Intimidating cambodian delicacy
The excreted beans are then (presumably) washed and sold to coffee snobs for outrageous sums of money.
General consensus is that the coffee brewed from these beans tastes kind of nasty and there’s even an argument to be made that the vast majority of Kopi Luwak is fake, which is even more reason to avoid it.
It’s the sort of claw-like appearance that makes a lot of people take one look and say, “Yeah, that’s not for me.” Habu Sake This is Japanese rice wine with a drowned venomous snake just chillin’ in it.
The venom is said to slightly numb the lips and tongue of the drinker and enhance male libido, which explains why I’m writing this with a wicked Habu Sake hangover right now.
Ant Egg Soup Available in several East Asian countries like Vietnam, ant eggs are supposedly similar to caviar in a lot of ways, in that they pop in your mouth.
Unlike caviar, which tends to be pretty salty, these white ant eggs flood your palate with a sour taste as you bite into them.
The whole version has been known to occasionally kill people, so remember that the next time someone puts a live octopus in front of you and says, “Here, eat this.” Shiokara One of many Japanese specialties that foreigners find hard to stomach, shiokara is minced fish stewed in fish guts and miso and then left to ferment for over a month.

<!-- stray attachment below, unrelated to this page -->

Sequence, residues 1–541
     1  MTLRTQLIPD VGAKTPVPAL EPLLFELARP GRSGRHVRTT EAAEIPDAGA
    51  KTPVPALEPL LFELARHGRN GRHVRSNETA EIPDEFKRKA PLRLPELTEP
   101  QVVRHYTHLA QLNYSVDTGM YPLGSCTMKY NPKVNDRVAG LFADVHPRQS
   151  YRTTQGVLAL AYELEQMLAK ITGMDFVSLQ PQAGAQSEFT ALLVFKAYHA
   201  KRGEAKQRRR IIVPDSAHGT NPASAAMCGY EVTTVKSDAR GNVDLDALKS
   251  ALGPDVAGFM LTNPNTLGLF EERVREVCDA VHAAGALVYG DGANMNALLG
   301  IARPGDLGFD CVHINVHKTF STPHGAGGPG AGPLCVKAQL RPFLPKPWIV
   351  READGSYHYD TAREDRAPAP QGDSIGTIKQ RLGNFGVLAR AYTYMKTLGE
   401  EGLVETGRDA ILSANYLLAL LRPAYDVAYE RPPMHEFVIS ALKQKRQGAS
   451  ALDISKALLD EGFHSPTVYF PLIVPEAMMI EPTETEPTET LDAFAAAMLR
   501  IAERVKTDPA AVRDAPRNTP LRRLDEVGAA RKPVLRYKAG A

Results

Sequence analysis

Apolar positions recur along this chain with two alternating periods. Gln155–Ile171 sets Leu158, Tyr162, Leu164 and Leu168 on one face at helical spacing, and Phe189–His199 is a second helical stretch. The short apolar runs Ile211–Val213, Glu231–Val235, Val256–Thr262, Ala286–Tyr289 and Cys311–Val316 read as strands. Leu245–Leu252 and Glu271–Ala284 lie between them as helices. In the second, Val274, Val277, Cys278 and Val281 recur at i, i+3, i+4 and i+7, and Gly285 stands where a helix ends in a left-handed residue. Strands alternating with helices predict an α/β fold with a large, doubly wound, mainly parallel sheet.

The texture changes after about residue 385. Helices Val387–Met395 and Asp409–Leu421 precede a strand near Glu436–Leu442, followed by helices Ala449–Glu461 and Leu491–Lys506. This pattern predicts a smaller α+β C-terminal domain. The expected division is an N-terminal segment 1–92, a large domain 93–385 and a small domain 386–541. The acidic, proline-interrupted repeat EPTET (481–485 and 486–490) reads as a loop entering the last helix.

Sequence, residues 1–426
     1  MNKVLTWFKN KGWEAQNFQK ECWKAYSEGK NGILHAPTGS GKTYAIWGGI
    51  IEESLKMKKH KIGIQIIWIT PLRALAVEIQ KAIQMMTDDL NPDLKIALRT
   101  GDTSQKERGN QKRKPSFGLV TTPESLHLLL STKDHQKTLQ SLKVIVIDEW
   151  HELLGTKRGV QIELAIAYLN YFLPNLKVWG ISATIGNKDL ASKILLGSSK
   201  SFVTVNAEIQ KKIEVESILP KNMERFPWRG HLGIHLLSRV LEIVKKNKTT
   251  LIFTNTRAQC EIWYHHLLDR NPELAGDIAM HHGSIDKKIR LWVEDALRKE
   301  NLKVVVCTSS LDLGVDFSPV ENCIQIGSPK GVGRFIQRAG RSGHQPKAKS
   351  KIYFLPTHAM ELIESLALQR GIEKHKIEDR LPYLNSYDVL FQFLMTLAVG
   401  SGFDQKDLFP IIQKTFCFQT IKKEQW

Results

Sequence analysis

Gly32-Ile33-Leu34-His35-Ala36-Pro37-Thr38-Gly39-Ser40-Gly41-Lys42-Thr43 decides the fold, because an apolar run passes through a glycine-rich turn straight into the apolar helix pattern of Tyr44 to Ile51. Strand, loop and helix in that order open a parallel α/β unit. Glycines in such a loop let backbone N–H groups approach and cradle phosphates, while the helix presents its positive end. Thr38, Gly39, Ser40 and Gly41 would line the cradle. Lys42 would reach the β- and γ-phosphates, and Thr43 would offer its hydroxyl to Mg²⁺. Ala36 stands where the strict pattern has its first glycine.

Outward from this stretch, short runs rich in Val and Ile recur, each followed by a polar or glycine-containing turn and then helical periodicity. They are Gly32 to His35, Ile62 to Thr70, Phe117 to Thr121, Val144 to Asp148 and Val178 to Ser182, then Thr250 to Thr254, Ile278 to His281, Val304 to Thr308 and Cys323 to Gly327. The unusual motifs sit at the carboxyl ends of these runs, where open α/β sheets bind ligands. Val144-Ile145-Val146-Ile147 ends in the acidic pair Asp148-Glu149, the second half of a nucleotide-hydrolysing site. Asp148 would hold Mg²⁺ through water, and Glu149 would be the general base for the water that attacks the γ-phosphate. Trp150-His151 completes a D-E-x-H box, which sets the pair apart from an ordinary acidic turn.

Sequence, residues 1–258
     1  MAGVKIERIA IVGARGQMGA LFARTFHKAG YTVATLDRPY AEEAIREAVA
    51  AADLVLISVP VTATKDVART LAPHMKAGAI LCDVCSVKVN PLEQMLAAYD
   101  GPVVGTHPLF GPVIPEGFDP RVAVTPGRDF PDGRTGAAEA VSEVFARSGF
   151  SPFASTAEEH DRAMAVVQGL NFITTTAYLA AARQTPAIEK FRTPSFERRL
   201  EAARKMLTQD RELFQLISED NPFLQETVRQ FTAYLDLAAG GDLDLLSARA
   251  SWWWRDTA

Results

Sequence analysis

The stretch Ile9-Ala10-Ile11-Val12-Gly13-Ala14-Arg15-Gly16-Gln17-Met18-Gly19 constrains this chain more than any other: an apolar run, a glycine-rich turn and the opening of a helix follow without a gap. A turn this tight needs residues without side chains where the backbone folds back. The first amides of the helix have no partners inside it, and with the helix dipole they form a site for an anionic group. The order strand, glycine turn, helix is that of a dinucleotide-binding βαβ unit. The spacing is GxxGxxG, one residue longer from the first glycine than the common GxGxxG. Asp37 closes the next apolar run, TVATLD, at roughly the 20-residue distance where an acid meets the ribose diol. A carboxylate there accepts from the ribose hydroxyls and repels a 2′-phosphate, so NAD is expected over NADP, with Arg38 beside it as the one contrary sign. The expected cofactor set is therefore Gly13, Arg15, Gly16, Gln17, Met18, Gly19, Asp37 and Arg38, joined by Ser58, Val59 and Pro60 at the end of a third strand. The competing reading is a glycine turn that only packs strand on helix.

Basashi Basashi is horse sashimi, aka raw horse meat.
Dressage riders may prefer to stay away from this extremely tender, very bloody meat, but I for one find it delicious.
It’s a very traditional food that’s sort of fallen by the wayside recently; younger generations might eat it once or twice in their lives as a novelty, and even hardcore traditionalists suck it down as fast as possible, presumably because fermented fish guts tastes about as good as it sounds.
Balut We’ve already talked about the balut of the Philippines.
Drunken Shrimp This isn’t a case of creative license.